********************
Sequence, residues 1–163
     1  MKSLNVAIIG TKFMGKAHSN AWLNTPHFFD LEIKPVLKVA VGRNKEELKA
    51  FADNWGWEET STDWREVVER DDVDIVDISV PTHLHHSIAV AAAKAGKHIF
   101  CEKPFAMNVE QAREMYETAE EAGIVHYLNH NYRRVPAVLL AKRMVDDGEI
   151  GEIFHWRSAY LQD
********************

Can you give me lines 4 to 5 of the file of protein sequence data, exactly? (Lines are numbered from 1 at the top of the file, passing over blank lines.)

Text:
   101  CEKPFAMNVE QAREMYETAE EAGIVHYLNH NYRRVPAVLL AKRMVDDGEI
   151  GEIFHWRSAY LQD